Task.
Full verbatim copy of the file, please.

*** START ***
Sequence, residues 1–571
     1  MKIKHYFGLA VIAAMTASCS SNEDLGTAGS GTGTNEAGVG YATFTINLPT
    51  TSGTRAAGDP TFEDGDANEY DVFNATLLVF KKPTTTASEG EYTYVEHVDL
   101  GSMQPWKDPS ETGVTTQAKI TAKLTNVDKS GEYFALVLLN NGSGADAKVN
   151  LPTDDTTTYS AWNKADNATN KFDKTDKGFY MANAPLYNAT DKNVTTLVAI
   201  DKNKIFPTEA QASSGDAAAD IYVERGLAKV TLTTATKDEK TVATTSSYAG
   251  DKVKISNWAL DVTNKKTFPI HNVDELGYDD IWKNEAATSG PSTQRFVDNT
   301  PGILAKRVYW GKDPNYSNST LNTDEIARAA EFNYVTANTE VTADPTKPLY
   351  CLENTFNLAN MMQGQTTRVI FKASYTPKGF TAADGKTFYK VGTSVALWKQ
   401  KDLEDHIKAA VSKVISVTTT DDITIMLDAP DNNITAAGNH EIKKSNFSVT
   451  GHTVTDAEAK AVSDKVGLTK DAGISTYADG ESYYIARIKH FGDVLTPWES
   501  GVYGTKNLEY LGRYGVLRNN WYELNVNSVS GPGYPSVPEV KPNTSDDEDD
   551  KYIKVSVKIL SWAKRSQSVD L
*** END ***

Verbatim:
Sequence, residues 1–571
     1  MKIKHYFGLA VIAAMTASCS SNEDLGTAGS GTGTNEAGVG YATFTINLPT
    51  TSGTRAAGDP TFEDGDANEY DVFNATLLVF KKPTTTASEG EYTYVEHVDL
   101  GSMQPWKDPS ETGVTTQAKI TAKLTNVDKS GEYFALVLLN NGSGADAKVN
   151  LPTDDTTTYS AWNKADNATN KFDKTDKGFY MANAPLYNAT DKNVTTLVAI
   201  DKNKIFPTEA QASSGDAAAD IYVERGLAKV TLTTATKDEK TVATTSSYAG
   251  DKVKISNWAL DVTNKKTFPI HNVDELGYDD IWKNEAATSG PSTQRFVDNT
   301  PGILAKRVYW GKDPNYSNST LNTDEIARAA EFNYVTANTE VTADPTKPLY
   351  CLENTFNLAN MMQGQTTRVI FKASYTPKGF TAADGKTFYK VGTSVALWKQ
   401  KDLEDHIKAA VSKVISVTTT DDITIMLDAP DNNITAAGNH EIKKSNFSVT
   451  GHTVTDAEAK AVSDKVGLTK DAGISTYADG ESYYIARIKH FGDVLTPWES
   501  GVYGTKNLEY LGRYGVLRNN WYELNVNSVS GPGYPSVPEV KPNTSDDEDD
   551  KYIKVSVKIL SWAKRSQSVD L